Superproducer Judd Apatow has found success within every subgenre of comedy he has tackled. He’s nailed romantic comedy (“Knocked Up,” “The 40 Year Old Virgin”), farce (“Anchorman,” “Talladega Nights”) and the high school coming-of-age story (“Superbad”).
The previews for “Pineapple Express” suggested he was ready to break new ground: the stoner comedy.
That assumption is only half-right. The latest from the Apatow Factory is new ground, but it’s not quite a stoner comedy. Well, it is, insofar as every major character is a drug dealer or customer. At heart, however, “Pineapple Express” is less a stoner flick than an action comedy - and that’s not a good thing.
Mr. Apatow’s resident boy genius, Seth Rogen, stars as Dale Denton, a twentysomething process server who, in between handing out summonses, passes the time getting high and listening to talk radio.
Mr. Rogen’s shtick is the same as it ever was; he plays a lovable, if slightly ribald, man-child dating a beautiful younger girl (Amber Heard) far out of his league.
After picking up some remarkable stuff (the titular strain of pot) from his dealer, Saul (James Franco), Dale heads over to serve papers on Saul’s source, Ted Jones (Gary Cole). He unwittingly stumbles into an execution, seeing Ted and a corrupt female cop (Rosie Perez) murder one of his rivals.
Panicked upon realizing Ted can track his incredibly rare weed (a butt of which he left at the scene), Dale grabs Saul. Saul grabs a satchel of pot and a box of Fruit Roll Ups, and the pair hightail it out of town, leaving before they realize they’ll have to return to protect their loved ones. Needless to say, hijinks ensue.
The hijinks come in two varieties. There is the funny, bumbling stoner kind - focused on the incoherent druggie ramblings that only make sense when you’re stoned and come off as hilarious to bystanders. “Pineapple Express” is replete with sequences revolving around this style of comedy; the banter engaged in by Dale, Saul and Saul’s middleman, Red (Danny McBride) is consistently chuckle-inducing.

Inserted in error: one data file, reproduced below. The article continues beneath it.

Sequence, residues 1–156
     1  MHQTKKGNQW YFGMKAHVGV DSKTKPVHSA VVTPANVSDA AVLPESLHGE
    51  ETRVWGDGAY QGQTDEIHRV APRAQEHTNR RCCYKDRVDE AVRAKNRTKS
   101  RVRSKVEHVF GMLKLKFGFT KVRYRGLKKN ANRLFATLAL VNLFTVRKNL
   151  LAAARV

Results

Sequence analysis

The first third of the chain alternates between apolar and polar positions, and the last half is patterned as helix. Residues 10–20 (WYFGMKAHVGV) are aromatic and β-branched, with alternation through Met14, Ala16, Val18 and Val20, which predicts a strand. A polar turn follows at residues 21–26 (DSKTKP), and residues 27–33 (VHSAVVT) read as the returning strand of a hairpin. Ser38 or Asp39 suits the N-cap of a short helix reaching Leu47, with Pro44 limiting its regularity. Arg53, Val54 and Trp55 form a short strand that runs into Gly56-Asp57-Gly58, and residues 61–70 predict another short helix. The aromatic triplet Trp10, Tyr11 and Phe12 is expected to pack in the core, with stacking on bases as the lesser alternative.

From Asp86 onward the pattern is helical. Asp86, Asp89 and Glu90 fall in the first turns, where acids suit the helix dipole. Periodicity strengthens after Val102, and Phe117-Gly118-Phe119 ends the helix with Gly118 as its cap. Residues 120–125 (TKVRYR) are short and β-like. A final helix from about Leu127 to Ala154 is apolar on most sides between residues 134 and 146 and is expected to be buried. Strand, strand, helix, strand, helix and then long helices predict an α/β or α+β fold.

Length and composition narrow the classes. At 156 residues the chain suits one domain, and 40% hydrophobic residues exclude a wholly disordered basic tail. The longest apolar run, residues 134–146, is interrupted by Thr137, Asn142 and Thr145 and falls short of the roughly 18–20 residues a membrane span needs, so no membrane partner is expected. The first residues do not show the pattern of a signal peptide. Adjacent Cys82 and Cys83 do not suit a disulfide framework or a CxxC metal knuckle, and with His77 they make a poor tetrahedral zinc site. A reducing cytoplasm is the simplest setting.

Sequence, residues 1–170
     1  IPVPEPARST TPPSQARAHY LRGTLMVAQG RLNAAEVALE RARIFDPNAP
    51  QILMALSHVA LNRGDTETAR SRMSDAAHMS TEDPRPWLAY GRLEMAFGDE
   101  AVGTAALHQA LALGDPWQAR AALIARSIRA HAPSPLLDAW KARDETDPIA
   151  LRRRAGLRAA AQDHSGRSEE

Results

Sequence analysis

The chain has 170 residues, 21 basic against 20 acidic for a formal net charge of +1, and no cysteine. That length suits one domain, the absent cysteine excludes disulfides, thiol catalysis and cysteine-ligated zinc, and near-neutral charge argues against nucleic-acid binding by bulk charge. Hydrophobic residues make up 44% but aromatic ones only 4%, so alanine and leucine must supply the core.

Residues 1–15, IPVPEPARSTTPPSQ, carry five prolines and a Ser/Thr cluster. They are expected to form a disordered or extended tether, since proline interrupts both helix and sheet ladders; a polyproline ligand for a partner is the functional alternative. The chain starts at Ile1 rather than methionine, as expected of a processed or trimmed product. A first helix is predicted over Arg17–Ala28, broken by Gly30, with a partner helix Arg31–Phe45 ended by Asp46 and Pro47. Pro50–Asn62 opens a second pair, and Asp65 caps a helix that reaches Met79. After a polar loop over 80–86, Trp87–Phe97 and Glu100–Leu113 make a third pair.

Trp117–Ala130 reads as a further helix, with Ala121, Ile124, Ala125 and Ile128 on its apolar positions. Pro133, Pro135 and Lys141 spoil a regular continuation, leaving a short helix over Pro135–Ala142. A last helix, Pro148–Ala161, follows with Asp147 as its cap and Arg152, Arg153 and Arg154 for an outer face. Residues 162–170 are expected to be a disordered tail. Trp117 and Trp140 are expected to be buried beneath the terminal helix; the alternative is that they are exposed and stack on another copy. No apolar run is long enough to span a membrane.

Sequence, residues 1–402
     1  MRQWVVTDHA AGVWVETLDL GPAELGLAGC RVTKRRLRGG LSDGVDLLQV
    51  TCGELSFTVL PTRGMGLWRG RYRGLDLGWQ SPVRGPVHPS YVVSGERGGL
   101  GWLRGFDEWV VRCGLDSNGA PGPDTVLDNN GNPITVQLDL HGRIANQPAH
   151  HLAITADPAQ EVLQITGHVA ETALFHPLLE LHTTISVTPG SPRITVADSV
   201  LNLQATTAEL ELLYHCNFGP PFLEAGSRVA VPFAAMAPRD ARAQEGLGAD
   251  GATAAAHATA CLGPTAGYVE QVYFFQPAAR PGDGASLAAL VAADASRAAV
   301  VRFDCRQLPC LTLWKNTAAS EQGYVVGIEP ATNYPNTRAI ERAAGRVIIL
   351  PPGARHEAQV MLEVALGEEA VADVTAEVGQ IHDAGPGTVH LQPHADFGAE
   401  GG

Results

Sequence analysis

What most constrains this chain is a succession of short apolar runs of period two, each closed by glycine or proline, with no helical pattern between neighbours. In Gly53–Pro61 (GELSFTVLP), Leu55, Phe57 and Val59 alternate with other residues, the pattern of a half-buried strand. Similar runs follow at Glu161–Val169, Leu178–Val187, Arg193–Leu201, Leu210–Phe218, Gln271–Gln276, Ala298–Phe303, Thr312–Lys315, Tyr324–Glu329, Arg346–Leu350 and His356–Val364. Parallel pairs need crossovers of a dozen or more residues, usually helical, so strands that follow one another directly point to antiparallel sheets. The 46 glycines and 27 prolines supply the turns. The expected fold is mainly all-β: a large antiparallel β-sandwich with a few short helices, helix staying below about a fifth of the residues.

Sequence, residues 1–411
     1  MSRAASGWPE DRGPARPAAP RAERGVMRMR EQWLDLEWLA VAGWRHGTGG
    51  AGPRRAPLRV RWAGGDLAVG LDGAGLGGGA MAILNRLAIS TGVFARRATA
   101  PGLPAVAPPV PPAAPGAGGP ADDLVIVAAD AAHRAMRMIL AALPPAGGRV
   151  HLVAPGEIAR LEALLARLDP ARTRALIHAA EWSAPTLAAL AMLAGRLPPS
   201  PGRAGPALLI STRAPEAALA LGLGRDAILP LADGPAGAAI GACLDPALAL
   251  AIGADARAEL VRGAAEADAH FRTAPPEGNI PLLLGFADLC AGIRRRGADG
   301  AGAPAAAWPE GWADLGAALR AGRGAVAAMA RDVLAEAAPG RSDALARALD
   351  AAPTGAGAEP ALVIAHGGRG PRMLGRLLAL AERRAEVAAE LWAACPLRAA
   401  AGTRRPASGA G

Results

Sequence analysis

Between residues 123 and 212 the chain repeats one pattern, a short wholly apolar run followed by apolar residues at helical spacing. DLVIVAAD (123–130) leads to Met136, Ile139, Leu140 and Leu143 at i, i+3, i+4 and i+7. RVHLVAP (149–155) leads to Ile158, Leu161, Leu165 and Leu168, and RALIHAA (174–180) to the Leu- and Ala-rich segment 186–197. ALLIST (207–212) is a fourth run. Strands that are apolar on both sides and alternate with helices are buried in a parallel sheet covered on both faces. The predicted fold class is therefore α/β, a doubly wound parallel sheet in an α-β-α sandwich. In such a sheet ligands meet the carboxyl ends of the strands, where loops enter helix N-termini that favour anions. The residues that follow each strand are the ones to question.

The second variety of hijinks, however, is far less enjoyable. These revolve around scenes of striking violence - scenes that feel interminable and get longer as the movie goes along. Shootouts and in-house brawls come to dominate the film, gumming up its flow.
It doesn’t help that the action is incredibly jarring. This isn’t a movie satisfied with video-game violence - when someone gets shot, you see the gore. One particularly brutal gag toward the end involves a portion of Dale’s ear getting shot off in a gunfight. It’s not often that you feel a comedy audience cringe as if they’re in Eli Roth’s latest torture-porn pic.
It’s a shame so much attention was paid to the gun battles and so little to character development. Subplots between minor characters are introduced and tossed away; Dale’s relationship with his girlfriend serves little purpose; and even Dale’s friendship with Saul feels a little trite.
“Pineapple Express” is good for a few laughs but little more; it’s low-grade Apatow - I think they used to call it dirt weed.
TITLE: “Pineapple Express”
RATING: Rated R (pervasive language, drug use, sexual references and violence)View Entire Story
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